Given that our diets (even those of us who eat "healthy" diets) are generally heavy on carbs (including sugar) it should come as no shock that many of us suffer from hypoglycemia, yet don't necessarily associate symptoms with our diet. Below is a long list of symptoms common to low blood sugar:
fatigue, waking up tired, erratic mood swings, general fatigue, inability to focus attention, anxiety, weight gain, blurred vision, mental confusion, bizarre behavior, irritability, incoherent speech, hypersensitivity, negativity, anti-social, compulsive eating, cravings for sugar, dizziness, weakness in legs, sense of gloom, loss of sex drive, impotence, muscle pains, cramps, rapid heartbeat, fast pulse, sweating, insomnia, crying spells, low blood pressure, mental disturbances, loss of appetite, manic depressive, temper tantrums, headache, constant hunger, cool, wet or pale skin, trembling, dry or burning mouth, fluttering in chest
And believe it or not, there are more. Lets take a quick look at what is happening in our bodies when our blood sugar drops, and how. First and foremost, we need to understand how our bodies digest carbohydrates. Carbs include whole grains, legumes, vegetables, fruit (in their real form, and then there of of course refined carbs and sugars which we'll get to in a moment). Carbohydrate digestion begins in the mouth with salivary amylase which begins the process of breaking down the sugars in carbs to monosaccharides. Depending on the type of sugar being digested, they either are carried directly to the bloodstream (as is the case with glucose), or processed first by the liver (as is the case with fructose/fruit sugar). Once delivered to the bloodstream, our blood sugar (glucose) rises, and excess is stored as glycogen by the liver, to be used as extra stores to raise our blood sugar when we are not getting enough glucose.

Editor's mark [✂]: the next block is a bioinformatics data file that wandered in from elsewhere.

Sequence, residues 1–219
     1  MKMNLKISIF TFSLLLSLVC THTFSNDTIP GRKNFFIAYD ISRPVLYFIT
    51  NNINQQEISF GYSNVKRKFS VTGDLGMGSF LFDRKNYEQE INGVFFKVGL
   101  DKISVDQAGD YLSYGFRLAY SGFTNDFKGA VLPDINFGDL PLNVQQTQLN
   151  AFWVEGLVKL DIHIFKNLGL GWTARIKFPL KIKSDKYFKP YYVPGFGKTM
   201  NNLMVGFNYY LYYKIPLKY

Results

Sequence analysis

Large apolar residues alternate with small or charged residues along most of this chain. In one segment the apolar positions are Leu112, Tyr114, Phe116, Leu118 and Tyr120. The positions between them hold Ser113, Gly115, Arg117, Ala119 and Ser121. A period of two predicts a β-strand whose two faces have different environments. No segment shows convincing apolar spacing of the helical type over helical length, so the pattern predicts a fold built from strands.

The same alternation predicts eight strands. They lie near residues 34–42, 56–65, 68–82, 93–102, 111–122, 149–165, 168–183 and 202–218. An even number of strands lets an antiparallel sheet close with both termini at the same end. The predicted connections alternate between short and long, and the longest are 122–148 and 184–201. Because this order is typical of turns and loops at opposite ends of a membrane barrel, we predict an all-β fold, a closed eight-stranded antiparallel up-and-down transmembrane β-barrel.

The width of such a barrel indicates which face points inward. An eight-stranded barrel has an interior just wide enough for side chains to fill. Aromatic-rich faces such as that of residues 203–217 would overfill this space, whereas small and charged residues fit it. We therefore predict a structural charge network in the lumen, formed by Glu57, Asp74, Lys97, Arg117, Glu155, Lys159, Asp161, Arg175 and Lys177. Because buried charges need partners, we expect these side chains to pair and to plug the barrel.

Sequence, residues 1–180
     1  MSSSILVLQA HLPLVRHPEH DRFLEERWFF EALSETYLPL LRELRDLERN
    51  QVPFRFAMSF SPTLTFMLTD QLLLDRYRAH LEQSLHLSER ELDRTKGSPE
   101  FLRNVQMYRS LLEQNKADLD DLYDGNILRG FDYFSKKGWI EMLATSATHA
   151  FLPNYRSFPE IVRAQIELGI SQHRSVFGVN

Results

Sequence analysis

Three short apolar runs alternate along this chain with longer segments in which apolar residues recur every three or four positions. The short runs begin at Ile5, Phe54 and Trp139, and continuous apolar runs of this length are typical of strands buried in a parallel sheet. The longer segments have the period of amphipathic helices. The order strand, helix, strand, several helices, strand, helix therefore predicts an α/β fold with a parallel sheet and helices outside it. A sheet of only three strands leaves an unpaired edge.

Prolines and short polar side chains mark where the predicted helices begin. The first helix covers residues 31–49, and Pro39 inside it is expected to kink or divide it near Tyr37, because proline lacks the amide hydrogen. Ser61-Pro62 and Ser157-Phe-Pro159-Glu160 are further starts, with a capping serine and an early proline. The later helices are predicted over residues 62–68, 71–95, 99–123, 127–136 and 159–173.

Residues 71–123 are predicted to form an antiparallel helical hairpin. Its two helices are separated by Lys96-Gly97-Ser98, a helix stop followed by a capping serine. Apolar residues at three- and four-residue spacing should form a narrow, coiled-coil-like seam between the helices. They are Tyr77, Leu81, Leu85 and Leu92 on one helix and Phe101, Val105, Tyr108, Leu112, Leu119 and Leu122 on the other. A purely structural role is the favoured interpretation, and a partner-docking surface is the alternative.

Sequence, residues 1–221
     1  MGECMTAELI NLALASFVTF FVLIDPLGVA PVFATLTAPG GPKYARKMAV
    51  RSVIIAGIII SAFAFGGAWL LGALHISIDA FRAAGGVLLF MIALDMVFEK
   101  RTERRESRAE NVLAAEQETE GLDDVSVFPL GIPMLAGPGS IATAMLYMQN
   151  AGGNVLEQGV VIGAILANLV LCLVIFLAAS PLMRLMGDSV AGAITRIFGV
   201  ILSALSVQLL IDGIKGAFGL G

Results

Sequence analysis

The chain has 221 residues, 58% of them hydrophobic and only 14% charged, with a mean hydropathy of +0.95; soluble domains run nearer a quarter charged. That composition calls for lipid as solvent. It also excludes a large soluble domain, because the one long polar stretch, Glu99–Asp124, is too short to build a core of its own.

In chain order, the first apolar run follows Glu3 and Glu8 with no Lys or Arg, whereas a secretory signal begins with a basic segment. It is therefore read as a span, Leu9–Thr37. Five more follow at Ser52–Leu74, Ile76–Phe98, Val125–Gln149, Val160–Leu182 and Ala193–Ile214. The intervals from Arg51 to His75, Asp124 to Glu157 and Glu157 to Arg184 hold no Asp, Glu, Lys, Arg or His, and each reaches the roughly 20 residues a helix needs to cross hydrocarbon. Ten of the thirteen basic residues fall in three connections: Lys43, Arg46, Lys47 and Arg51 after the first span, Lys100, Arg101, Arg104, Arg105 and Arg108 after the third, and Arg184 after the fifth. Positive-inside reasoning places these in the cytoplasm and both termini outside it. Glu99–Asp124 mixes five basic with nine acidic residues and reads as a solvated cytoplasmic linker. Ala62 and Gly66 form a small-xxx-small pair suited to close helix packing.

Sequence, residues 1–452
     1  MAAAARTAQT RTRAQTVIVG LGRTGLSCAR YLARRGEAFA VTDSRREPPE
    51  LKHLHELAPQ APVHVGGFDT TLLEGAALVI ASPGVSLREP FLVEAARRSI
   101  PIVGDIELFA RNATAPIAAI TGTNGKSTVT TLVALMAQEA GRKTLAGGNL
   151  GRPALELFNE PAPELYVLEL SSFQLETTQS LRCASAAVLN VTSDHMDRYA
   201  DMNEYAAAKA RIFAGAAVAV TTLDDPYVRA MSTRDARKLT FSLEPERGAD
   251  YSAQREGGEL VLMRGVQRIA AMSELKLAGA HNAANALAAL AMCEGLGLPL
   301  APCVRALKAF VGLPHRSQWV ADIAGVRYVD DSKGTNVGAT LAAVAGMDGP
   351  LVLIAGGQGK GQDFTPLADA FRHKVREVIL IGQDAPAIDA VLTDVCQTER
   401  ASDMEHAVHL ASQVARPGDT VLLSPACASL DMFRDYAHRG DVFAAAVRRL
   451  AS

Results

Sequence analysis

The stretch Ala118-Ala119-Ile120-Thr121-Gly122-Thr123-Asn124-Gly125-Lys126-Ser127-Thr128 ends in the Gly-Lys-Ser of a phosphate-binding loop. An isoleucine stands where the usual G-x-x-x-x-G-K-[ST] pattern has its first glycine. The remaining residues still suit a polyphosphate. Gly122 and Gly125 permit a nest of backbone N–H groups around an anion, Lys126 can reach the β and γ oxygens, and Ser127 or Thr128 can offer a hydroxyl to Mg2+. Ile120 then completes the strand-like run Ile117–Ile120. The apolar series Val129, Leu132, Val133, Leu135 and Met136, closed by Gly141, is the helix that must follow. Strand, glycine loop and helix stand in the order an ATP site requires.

When our blood glucose rises after eating, our pancreas produces insulin. This is the only hormone the body can make to lower blood sugar. Insulin is like a messenger/host...it escorts glucose to the cells so that it can be used for energy. Once the glucose is absorbed by the cells, our blood glucose levels decrease. If it falls too low, our pancreas secretes glucagon, which signals the liver to break down glycogen in a process called glycogenesis. This will ideally cause the blood sugar to normalize. Additionally, when our blood sugar falls too low, the body goes into a sort of state of emergency, signaling the adrenal glands to produce epinephrine (adrenaline), and cortisol. This is why we get shaky, sweaty, etc, and persistent low blood sugar is taxing on our adrenals (see previous post on adrenal health). When there are problems with this entire, complex process, we can end up with dysglycemia, or unregulated blood sugar (high/hyper or low/hypo, but because hypoglycemia is so common today, that is what I am focusing on).